As incredible as it may sound, the U.S. government still lacks the capacity to coordinate its global counterterrorism strategy.
This disturbing finding is reflected in two recently released reports, one by a bipartisan task force of the House Homeland Security Committee and the other, the “2015 Comprehensive Annual Report on Public Diplomacy” by the Advisory Commission on Public Diplomacy (ACPD).
This void within the U.S. government must be filled. We are currently not effective in stanching the flow of foreign fighters to the Middle East nor in neutralizing the ISIS propaganda that poisons and radicalizes the minds of young men and women.
Since 2011, more than 25,000 foreign fighters have traveled to Syria and Iraq. Most have come from Europe and other Middle Eastern countries, but over 250 have made their way from the United States. How many have come back, presenting potential domestic danger, we simply do not know.
Write the authors of the Congressional study:
“There appears to be no comprehensive accounting of terrorist-travel programs in the U.S. government or any systematic government-wide efforts to identify gaps between them. . . . We found that hundreds of programs, projects, and initiatives have sprouted up to combat terrorist travel since 9/11, but without an overarching strategy to coordinate them, the United States may be wasting taxpayer dollars and failing to allocate resources where they are needed most. Indeed, lack of a strategy not only increases the risk terrorists might exploit weaknesses in the U.S. travel system, but also raises the prospect of waste, overlap, and duplication between agencies.”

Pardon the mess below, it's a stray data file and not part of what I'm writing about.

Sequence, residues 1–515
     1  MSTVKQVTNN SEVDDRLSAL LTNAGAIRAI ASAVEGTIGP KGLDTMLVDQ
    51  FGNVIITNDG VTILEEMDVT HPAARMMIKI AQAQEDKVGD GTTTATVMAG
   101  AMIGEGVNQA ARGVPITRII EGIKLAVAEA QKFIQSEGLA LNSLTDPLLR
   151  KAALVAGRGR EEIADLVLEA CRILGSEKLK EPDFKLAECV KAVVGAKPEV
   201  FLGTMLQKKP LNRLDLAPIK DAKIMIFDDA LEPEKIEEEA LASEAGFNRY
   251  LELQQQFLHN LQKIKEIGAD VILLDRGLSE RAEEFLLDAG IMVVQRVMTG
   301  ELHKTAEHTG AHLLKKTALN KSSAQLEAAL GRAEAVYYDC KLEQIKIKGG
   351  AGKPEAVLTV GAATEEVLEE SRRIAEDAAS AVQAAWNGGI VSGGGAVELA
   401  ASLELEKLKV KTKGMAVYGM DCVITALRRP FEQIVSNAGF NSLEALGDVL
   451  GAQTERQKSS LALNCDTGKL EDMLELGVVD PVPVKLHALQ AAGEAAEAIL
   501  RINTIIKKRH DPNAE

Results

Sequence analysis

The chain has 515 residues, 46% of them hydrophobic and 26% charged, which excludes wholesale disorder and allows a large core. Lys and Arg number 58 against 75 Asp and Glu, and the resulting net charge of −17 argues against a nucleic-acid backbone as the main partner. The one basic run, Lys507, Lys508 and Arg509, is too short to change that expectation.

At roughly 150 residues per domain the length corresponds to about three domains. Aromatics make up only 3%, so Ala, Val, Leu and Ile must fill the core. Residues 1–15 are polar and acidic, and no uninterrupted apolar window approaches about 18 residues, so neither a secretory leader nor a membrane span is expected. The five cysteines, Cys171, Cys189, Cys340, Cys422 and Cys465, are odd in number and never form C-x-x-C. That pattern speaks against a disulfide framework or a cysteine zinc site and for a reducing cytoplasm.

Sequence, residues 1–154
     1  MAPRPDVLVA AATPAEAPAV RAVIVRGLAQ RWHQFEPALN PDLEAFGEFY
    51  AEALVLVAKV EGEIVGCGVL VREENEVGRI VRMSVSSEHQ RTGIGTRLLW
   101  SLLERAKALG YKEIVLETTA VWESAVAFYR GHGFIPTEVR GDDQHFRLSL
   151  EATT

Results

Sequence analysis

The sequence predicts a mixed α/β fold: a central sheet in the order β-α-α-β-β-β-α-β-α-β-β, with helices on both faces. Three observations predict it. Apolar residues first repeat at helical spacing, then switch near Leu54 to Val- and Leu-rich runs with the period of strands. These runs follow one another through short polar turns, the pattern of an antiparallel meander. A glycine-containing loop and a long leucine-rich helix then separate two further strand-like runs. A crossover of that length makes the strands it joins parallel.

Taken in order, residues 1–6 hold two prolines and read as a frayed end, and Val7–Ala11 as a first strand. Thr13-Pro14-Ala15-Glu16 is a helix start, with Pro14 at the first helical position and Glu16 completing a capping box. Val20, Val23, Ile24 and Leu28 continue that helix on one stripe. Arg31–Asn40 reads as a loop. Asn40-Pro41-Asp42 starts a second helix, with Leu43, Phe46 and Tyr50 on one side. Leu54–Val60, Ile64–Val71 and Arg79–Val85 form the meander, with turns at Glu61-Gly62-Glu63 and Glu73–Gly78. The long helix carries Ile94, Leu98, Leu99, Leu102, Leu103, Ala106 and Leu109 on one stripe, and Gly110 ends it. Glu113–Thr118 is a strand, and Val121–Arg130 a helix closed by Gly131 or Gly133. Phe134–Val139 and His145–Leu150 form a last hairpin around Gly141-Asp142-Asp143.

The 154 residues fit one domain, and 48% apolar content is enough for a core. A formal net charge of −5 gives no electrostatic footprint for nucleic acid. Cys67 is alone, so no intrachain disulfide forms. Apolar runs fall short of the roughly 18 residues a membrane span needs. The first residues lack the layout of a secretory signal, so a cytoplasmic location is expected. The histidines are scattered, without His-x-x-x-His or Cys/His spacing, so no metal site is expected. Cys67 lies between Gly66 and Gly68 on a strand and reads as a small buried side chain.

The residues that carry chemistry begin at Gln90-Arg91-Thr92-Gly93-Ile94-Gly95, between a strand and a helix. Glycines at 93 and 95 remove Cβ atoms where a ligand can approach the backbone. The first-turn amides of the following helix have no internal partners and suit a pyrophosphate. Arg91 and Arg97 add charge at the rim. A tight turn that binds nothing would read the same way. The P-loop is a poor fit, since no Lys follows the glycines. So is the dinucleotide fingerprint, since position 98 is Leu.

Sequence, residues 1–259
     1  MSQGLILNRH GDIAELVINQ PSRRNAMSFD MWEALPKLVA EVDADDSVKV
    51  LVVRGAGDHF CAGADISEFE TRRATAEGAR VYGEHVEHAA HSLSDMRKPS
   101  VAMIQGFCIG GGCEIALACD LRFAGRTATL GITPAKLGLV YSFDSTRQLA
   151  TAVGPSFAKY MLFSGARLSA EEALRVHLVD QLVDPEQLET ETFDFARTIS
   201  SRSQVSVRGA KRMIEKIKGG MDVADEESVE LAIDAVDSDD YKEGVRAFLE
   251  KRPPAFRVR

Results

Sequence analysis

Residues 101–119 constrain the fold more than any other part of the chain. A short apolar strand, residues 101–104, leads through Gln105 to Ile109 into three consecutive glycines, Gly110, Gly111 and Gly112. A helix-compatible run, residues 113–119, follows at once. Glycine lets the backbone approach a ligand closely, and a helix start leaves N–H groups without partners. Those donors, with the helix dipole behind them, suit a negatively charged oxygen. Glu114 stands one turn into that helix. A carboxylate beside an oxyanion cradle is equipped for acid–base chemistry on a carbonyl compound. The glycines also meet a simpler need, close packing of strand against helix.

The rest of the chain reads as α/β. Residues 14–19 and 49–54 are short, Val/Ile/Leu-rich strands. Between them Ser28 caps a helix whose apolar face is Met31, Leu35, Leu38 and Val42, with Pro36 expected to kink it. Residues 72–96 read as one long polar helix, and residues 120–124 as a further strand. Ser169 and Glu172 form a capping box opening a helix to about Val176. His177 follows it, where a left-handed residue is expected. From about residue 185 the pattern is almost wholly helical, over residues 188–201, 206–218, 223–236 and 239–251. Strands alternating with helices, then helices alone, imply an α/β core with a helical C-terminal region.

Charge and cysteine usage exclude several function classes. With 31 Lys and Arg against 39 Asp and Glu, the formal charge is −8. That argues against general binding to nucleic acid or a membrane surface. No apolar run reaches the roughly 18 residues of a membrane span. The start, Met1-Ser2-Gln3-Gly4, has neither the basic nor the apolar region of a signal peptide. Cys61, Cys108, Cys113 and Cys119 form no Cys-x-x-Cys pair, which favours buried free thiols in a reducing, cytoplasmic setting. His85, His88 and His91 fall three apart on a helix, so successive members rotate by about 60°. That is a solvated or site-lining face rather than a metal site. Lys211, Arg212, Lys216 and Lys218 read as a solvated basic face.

The concerns of the Homeland Security task force are mirrored in the annual report of the ACPD, a semi-official body that provides guidance to the Undersecretary of State for Public Diplomacy.
As the word “terrorism” is not used by the Obama administration in its official documents, “countering violent extremism” is the subject of the commission’s recommendations, CVE for short.
ACPD notes that “for public diplomacy professionals to effectively advance U.S. foreign policy efforts to counter violent extremism, there needs to be clear CVE strategy across the U.S. government.” Right now, there is none.
While State is the home of the Center for Strategic Counterterrorism Communication, ACPD also recommends creating a “center of gravity” at the State Department, including stakeholders across the government, to coordinate short-term messaging with longer-term public relations activities, providing also clear guidance to the field.
In addition, ACPD advocates pulling together a, a brain trust of CVE experts with whom current officials responsible for CVE strategy and tactics can consult.
The report notes,
“A core challenge to current CVE efforts is that a solid foundation of knowledge about extremism and its root causes, in addition to past effective and ineffective efforts, has not been fully established.”
Fourteen years have passed since 9/11. Isn’t it about time we get serious?